Sugar seems to have become a bit of a dirty word these days—and for the most part, rightly so. Processed sugar is in so much of what we eat that our average intake has gone up to around 3 pounds per week (it used to be around 2 pounds a year!). This increase is staggering, and it’s largely due to the world switching to convenience food and manufacturers using sugar to preserve it.
While having some sugar in your diet is necessary for your body to function properly, this much sugar is extreme. The worst part is, it’s processed, refined sugar that can cause all kinds of problems like obesity, heart disease, hypertension, and other potentially serious health issues.
The good news is, you don’t have to deny your sweet tooth a sugary fix if you want to eat healthily and look after your body. It’s all about finding natural alternatives that're not only sweet, but are also much healthier.
If you're looking for natural sugar substitutes, consider these 5 options:
1. Coconut Sugar
Coconuts seems to be slowly taking over the world. They’re full of goodness as they’re a great source of iron, magnesium, zinc, potassium, and your B vitamins. When you substitute coconut sugar for normal cane sugar, you get the same amount of sweetness without the sugar rush. It’s low on the glycemic index too, so it won’t spike your blood sugar levels.
On the downside, coconut sugar is not very soluble. It works well for baking desserts and cakes, or even sauces, but it isn’t ideal for tea and coffee. If you use this sugar in your beverages, you'll end up with a pile of grains at the bottom of the cup.
When buying coconut sugar, be sure to read the label carefully to ensure that you’re getting coconut sugar (sometimes called coconut palm sugar) and not palm sugar. Palm sugar comes from palm trees and is a different type of sweetener altogether.
These cinnamon rolls get their sweetness from coconut sugar.
If you want that natural sugary taste of fruit in your food without it being all too overbearing, try using dates. You'll get a dose of healthy fructose rather than the processed sucrose, and the added goodness of the dates themselves. They're perfect for sweetening vegan baked goods, putting into smoothies, adding to your oatmeal in the morning, and a range of other recipes. However, you will need to look for recipes that include dates because it won’t be a straight substitution for the cane sugar.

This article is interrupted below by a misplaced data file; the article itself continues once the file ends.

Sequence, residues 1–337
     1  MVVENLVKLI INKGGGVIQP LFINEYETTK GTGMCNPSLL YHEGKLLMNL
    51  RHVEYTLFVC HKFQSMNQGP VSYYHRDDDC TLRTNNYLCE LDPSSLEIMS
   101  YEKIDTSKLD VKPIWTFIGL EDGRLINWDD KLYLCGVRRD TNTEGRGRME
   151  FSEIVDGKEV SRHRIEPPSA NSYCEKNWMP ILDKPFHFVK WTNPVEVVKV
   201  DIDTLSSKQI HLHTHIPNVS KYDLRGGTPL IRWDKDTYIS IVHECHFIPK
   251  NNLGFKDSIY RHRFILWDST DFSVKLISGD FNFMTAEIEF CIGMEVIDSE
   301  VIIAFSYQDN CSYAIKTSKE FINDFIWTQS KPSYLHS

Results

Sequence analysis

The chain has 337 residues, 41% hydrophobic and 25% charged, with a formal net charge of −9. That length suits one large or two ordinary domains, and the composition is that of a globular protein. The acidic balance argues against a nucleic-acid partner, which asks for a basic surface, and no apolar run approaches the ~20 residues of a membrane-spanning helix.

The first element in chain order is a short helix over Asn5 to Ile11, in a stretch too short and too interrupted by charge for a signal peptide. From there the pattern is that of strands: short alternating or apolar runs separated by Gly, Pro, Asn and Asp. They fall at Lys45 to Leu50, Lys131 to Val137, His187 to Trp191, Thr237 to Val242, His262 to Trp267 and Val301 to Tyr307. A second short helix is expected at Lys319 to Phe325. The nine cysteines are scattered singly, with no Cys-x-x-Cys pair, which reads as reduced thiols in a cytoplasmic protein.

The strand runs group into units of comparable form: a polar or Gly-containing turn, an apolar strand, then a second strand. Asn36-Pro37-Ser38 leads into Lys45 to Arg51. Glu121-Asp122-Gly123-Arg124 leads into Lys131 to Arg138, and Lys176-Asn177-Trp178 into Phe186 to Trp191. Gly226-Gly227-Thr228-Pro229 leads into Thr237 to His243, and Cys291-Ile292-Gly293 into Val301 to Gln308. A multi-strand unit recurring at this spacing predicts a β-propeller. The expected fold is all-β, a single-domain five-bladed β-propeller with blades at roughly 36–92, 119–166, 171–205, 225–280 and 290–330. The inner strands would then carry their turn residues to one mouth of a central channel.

Prepping the dates for baking can also be a bit of a process. Dried and pitted dates work best for cooking and turning into a sweetener or syrup. For the syrup, it’s best to soak the dates for a few hours and then blend them (with the water) into a smooth liquid. You can then store the liquid for quite a while and use as needed.
When buying dates always make sure they aren’t too dry. They should have a nice shine, minimal tears and rips, and shouldn't be mashed into a clump.
Check out this 5-minute raisin-ette recipe to cater to your sweet tooth!
3. Monk Fruit Sweetener
This sweetener packs a far more powerful punch than cane sugar, and comes with no calories. The fruit contains all the good fructose and some glucose. An antioxidant called mogroside actually gives the extract its sweetness.
The extract has been shown to have incredible anti-inflammatory properties. Some early studies have also shown that it could inhibit cancer growth, but this is still being tested. The sweetener also has very little impact on blood glucose or insulin levels.
When buying monk fruit sweetener, it’s important to read the label carefully. The extract is quite expensive because not much comes from one fruit. So, many manufacturers mix the extract with other sweeteners to bulk up their offering.
These chocolate peppermint barks' cocoa nibs get their sweetness from monk fruit sweetener!
4. Maple Syrup
Often seen as the kinder alternative to honey, maple syrup's made by boiling down the sap that naturally oozes out of maple trees. It contains far more nutrients than regular cane sugar and honey. Maple syrup has over 24 different antioxidants and several minerals, including potassium, manganese, zinc, iron, and calcium.
You can use maple syrup as an easy replacement for sugar or honey in meals, and when baking. Just be sure to decrease your liquid quantities if you’re baking and substituting this for sugar. Maple syrup can also be used in tea and coffee, but might take a bit of getting used to as it has a distinct taste of its own.
Out of all of these natural alternatives to cane sugar, maple syrup rates the highest on the glycemic index. However, it’s still far lower than processed cane sugar and will not raise your blood sugar levels as quickly. It also contains sugar, so it will count towards your calorie intake for the day.
Top your breakfast with maple syrup. Here's a quick french toast recipe to start your day with something sweet!